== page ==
DIMON: You’d be surprised. We, the management team goes through and looks at what we can handle, what we can’t so we’re not going to pull back on anything because we might go into recession. In fact, the banks, you know, before the Fed intervened, laid out hundreds of billions of dollars to their clients, you know, pre-Covid, and, you know, we’re making markets aggressively before the Fed intervenes. I’ve heard this cockamamie thing that somehow the banks were bailed out by the Fed. They were not.
You know, we did, we did quite well trading before they intervened. And we were out there helping our clients. And so what you could do to mitigate risk a little bit is you might, you know, do less subprime do less than, maybe not do new customers.
You know, and obviously, if a bank is in any kind of trouble, they’re gonna be much more restrictive than a bank who is doing quite well. But, but we look at it, the budget kind of looks at how we do if things were good, how we do if things were bad, and our plans are very consistent. We’re going to hire, train, recruit, invest country after country bank after bank, and now in 48 branch states which we’re very proud of and we’ll just keep on expanding the—
KERNEN: The entire business news landscape needs a headline from Jamie Dimon about a recession next year. I’m sorry, you’re here. We’ve got you. So Jamie Dimon says yes, there will be a recession in 2023 or no there will not be—
DIMON: Joe, this is exactly what all my handlers out there say is, don’t give them that stupid headline. I’m not gonna do it.
KERNEN: You’re not gonna do.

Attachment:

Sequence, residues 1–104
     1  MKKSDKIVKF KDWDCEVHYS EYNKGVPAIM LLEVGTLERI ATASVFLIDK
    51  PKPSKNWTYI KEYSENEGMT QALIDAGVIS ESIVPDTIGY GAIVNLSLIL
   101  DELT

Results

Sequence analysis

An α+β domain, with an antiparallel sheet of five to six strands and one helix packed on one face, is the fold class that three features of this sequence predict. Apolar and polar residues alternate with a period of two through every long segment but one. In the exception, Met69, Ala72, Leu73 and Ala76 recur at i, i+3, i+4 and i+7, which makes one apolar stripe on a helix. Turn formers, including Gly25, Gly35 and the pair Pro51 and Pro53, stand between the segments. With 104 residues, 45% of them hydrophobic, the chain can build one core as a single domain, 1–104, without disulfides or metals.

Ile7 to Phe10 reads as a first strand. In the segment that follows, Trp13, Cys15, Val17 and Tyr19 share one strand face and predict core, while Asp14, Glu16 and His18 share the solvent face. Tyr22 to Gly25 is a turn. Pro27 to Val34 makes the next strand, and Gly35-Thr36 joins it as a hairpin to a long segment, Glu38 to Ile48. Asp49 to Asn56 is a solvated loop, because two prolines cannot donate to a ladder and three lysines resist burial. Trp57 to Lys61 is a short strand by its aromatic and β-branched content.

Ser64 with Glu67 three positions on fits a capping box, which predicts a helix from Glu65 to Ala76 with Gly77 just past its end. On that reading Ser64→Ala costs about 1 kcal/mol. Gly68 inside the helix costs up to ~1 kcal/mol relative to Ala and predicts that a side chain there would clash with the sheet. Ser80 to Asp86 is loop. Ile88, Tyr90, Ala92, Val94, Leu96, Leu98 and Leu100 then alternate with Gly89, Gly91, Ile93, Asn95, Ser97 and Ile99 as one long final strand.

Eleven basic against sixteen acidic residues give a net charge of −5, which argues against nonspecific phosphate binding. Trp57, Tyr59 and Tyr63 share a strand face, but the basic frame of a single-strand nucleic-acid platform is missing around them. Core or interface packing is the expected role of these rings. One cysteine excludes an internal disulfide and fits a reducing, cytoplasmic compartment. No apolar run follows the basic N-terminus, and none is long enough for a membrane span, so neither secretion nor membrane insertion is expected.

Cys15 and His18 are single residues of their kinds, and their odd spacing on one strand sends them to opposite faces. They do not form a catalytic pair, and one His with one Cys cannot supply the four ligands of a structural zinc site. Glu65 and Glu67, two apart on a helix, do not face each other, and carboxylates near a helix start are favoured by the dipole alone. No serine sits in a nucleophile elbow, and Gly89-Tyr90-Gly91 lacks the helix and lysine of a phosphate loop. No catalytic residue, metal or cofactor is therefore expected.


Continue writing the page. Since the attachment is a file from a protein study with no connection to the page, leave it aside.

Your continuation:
KERNEN: So what are we supposed to say then? Jamie Dimon said there’s—
QUICK: Said America’s great.
DIMON: America is extraordinary. Those of you who travel the world, all the folks out here, you come back to this country and you look at the innovation, the growth, the universities, even with all our squabbling in the government which I don’t particularly like, and that’s why you know, and Josh Bolten who was on TV and what an unbelievable job Josh Bolton does is about policy.
We need policy on infrastructure, education, taxation, regulation, healthcare. We can do a lot of things that can grow this country. I’ll give you another number. We grew at 2% a year like 1.7% a year from 2000 to 2020.
And there are a lot of reasons for that which I won’t go through now I will go through in a second, but have we grown at 3% and we should have aspired to 3%, GDP per person would be $15,000 year higher today.
You could afford a lot more other things and the reason in my view we grew at 2% and not three, the reason is excessive regulation, healthcare, infrastructure, inner city school education, and in that one, you know, education if you look at it, jobs bring dignity.
We need kids to be trained to have jobs and a lot of the companies that are on here today spend a lot of time on that and we want these kids to have jobs and these companies pay well.
QUICK: There’s a story out today that you are trying to tackle healthcare once again. You had the initiative with Amazon and Berkshire that you canceled out and said it’s not working, what are you doing differently this time?
DIMON: The objective, you know, you live and learn. So was that a failure? No. I mean, we’ve made tons of mistakes. We’ve kind of modified from that. It’s the same objective, we spent $2 billion in healthcare. We’ve got 450,000 insured so that includes their families.
We want you to be healthier. So if you get preventive care which we’re testing these things in Columbus, if you get preventive care, you know that could save your life. If you have high blood pressure or diabetes you didn’t know about and then also managed care. I mean are you getting the right kind of care you need to manage that you have.
Telemedicine is going to work for depression. There are a lot of things that have worked for, for drugs. So to me there’s a lot to work here and Walmart and I know Doug, they’ve done a great job and so, there’s a lot to learn. We’re gonna go at it and we want our, we want our employees to be healthier, happier, and and hopefully at a lower cost.